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Feluda must go on…

bollywood Updated: Jan 08, 2012 15:32 IST
roshmila bhattacharya
roshmila bhattacharya
Hindustan Times
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I brought in the New Year with Feluda. A cocktail of death and drama, hissing snakes, hidden treasure, a half-mad brother and a man-eating tiger, I couldn’t have asked for a better start to 2012.

A couple of days later, I was on the phone with Sandip Ray, wondering about a follow-up to Royal Bengal Rahasya. Satyajit Ray’s director son admitted he was Clueless, having run through his list of stories for the screen.

Besides, with Bibhu Bhattacharya passing away after canning his last shot, and Sabyasachi Chakraborty, at 55, way over Feluda’s age (27), he had to look for a new Felu and Jataju. The desi detective wouldn’t return for at least two years.

My sigh will find an echo not just in Bengal, but elsewhere in the country too, Pradosh C Mitter having become a household name.

At 6 feet 2 inches, with a handy 32 Colt revolver and an analytical mind referred to as the Magajastra or brain weapon, he first appeared in Feludar Goendagiri (1965), a story Ray penned for Sandesh, the children’s magazine his father, Upendrakishore Ray, had started and which he was editing.

He wrote 35 stories that made the Charminar-smoking private investigator a worthy match for the pipe-puffing Sherlock Holmes.

“Why don’t you plan a Feluda exhibition in the interim?” I urged Sandipda.

He loved the idea “I have plenty of illustrations, original manuscripts and working stills, that along with behind-the-scenes anecdotes, film clips and Feluda books would be a crowd-puller. We could take the exhibition to metros like Mumbai, Delhi and Bangalore, even abroad.”

While I wait for the exhibition, I go back to the first of the Feluda movies, Sonar Kella (The Golden Fortress, 1974). Sandipda, who was assisting his baba (father), recalled an outstanding performance by Kushal Chakravarty as Mukul. He also has fond memories of the other Mukul, mistakenly kidnapped in the film first.

It was Shantanu Bagchi’s first film and Ray handed over a long dialogue sheet, wondering how many retakes he’d require. Mukul reeled off the lines in one perfect take. A delighted Ray patted him on the back and told him to go out and play.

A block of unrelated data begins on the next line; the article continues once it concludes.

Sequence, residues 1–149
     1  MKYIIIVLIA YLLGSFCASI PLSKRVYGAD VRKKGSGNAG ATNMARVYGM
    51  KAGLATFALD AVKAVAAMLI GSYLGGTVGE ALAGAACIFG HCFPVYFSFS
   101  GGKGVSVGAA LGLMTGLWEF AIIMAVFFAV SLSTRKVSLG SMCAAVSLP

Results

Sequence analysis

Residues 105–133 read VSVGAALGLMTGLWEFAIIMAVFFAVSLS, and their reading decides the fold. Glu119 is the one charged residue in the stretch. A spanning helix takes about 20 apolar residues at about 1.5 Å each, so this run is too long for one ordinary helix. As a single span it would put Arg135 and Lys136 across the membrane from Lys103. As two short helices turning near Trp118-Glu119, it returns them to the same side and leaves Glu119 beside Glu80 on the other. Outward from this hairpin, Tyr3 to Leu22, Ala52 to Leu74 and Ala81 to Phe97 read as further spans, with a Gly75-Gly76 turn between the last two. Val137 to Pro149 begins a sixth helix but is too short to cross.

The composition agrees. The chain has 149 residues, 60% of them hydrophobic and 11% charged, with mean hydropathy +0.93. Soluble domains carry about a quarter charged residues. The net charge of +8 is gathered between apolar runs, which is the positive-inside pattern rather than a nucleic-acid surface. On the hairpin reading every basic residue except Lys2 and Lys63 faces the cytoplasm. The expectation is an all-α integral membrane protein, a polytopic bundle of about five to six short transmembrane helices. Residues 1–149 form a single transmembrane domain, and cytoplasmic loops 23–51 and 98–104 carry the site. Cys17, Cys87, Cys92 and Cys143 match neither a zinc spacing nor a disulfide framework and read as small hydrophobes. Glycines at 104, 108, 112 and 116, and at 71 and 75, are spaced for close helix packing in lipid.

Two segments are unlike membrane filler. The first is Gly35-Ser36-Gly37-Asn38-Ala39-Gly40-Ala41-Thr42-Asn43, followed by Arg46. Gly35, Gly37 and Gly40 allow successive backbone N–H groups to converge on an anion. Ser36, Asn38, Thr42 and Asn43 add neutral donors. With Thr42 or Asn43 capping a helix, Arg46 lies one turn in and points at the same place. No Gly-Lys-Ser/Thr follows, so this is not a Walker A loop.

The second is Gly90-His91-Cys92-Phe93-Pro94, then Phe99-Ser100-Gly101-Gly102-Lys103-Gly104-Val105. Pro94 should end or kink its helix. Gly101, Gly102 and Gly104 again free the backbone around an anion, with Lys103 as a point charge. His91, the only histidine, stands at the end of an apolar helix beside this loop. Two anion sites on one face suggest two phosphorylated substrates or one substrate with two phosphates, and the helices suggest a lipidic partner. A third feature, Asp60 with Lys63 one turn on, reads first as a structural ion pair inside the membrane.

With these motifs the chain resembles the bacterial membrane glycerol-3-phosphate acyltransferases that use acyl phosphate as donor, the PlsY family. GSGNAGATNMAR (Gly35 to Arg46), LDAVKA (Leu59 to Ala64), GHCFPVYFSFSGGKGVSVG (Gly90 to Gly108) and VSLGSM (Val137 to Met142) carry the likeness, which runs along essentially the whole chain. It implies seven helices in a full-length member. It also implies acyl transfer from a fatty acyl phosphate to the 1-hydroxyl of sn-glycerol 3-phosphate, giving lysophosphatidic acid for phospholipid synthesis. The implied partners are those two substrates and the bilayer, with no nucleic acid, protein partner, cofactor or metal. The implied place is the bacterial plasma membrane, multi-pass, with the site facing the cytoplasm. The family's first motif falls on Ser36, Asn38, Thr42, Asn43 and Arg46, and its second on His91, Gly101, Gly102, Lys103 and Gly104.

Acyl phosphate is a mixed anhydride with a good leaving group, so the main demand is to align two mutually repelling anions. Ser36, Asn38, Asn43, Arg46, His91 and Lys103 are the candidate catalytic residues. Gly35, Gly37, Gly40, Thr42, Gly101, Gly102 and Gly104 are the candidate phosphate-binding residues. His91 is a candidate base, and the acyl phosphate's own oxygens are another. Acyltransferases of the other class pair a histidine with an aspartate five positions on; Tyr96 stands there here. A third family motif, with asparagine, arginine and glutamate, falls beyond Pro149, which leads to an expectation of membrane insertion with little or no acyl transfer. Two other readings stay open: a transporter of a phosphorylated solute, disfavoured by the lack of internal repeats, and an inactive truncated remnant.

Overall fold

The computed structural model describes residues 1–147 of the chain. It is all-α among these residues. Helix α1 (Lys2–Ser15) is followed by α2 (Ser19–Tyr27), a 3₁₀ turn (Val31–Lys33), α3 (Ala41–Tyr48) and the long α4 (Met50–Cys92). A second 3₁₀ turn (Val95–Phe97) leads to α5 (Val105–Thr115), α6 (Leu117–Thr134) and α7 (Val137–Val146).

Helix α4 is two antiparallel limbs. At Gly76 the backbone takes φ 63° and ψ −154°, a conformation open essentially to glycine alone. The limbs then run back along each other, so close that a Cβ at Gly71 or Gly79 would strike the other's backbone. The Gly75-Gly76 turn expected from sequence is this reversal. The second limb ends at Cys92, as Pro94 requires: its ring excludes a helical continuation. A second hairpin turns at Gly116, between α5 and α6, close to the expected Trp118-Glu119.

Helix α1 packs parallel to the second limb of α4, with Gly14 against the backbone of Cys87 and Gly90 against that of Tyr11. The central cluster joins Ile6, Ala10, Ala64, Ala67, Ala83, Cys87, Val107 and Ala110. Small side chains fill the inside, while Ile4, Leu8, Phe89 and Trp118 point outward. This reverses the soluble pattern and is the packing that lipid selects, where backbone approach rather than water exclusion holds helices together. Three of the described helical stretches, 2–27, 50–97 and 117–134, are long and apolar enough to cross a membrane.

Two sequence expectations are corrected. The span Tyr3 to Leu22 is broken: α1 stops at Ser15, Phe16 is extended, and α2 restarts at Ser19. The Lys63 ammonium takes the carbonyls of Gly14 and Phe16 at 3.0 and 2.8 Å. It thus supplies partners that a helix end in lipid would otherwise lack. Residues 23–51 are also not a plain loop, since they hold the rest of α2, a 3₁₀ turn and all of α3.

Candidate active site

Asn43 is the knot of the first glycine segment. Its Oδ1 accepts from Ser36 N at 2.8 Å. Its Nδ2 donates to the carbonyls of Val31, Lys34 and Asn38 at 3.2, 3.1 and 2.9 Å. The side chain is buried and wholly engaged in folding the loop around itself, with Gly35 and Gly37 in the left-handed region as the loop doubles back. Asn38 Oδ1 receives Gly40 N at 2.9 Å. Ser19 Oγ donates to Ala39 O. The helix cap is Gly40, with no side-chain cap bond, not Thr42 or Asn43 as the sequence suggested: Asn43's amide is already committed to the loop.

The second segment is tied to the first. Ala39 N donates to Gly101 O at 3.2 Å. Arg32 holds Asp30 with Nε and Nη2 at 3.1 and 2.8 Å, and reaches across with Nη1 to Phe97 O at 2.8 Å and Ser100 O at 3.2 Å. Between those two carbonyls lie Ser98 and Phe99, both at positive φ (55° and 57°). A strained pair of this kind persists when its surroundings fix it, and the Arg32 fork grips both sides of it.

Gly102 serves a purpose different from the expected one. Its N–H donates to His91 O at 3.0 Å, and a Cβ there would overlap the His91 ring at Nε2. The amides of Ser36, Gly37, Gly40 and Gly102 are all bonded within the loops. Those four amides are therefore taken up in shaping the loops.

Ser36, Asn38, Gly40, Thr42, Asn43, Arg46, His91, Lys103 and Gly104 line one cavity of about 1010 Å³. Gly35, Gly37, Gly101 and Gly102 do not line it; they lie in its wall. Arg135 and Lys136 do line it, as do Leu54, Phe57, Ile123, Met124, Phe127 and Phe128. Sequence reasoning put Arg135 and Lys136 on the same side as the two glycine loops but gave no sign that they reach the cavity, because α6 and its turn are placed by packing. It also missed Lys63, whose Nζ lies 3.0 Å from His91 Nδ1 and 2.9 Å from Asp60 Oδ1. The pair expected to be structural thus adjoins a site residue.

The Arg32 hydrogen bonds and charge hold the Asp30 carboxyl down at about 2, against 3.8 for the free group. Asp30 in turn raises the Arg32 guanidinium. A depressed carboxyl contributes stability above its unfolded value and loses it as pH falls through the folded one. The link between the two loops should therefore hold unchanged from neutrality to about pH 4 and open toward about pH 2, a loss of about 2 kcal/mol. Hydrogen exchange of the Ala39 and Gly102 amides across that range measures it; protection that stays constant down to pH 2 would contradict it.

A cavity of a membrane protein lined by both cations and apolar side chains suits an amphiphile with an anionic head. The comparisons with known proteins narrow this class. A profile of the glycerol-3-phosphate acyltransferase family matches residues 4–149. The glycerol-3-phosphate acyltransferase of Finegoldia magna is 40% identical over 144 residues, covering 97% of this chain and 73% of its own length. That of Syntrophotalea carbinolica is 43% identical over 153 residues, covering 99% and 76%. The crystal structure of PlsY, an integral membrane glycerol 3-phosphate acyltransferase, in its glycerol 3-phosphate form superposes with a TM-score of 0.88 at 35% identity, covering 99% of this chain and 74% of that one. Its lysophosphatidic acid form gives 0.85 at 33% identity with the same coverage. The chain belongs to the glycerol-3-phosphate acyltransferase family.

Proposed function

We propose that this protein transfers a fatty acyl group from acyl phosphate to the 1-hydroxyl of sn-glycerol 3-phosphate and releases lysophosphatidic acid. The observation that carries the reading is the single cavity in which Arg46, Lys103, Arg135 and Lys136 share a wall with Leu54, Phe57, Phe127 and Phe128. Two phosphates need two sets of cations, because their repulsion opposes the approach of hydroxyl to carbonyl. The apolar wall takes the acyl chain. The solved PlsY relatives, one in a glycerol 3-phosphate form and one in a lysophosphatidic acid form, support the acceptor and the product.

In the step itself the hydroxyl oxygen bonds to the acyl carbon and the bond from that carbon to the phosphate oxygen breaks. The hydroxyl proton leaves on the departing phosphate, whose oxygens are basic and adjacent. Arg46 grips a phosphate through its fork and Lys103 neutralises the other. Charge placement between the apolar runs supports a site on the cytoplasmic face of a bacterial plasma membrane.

“I was outside, Shantanu strolled up to me and asked with complete seriousness,"Why did jethu (uncle) give me such boka boka (silly) lines?’” Sandipda laughed, disappointed the remarkable actor didn’t do another movie.

“I’m told he is working with an advertising firm in Mumbai. I’d love to meet the grown-up Mukul.”

From the sand stone fortress in Jaisalmer and the narrow bylanes of Varanasi (Joy Baba Felunath, 1979), Feluda took a giant leap into the new millennium with the climax of Tintorettor Jishu (Tintoretto’s Jesus, 2008) filmed in Hong Kong.

“The film was 80 per cent complete in 2006. We’d shot in Kolkata, Jhargram and Chattisgarh, and only the climax was remaining, when we hit a roadblock. In the book, the villain is unmasked in Hong Kong, but for financial reasons, the original producer wanted to shoot in Singapore or Bangkok. I refused to compromise, so the film was shelved for two years,” revealed Sandipda.

Meanwhile, Arijit Gupta expressed interest in another Feluda story and the super success of Kailashey Kelenkari (A Killer In Kailash, 2007) lead to Tintorettor Jishu being revived and released in December 2008. They shot in Kowloon, Hong Kong island and even the Gold Coast “It made for stunning visuals!”

Sandipda was equally overwhelmed by the Kailash temple in Ellora’s Cave 10, one of the natural sets of Kailashey Kelenkari, along with Cave 15, world famous for its Dusavatar, and Cave 19 that depicts Sita ki kahani (Sita’s story).

“Baba had visited the caves back in the ’40s, traveling in a bullock cart from Aurangabad. I drove down 70 years later, but the sight of the Kailash temple left me speechless as well,” he admitted.

Sandipda, however, had to update the story that had first appeared in the Durga Puja special of the Bengali periodical Desh in 1973, “You don't expect Feluda to get clues through trunk calls today, do you?” he laughed.

“Life has changed since the sedate ’70s become more action-packed.”

So will the new Feluda change from Sherlock Holmes to James Bond?

I don’t think so. We’ve had three Feludas since the cerebral Soumitra Chatterjee, a more physical Sabyasachi, and in the mid-’80s, Shashi Kapoor in Satyajit Ray Presents on DD, whose wig was a problem and who was an absolute no-no in Bengal.

Who’s next? I’ve invited suggestions on Facebook and Twitter.

Let’s join Sandipda in this hunt. It can turn out to be just as interesting as the stories we’ve grown up reading.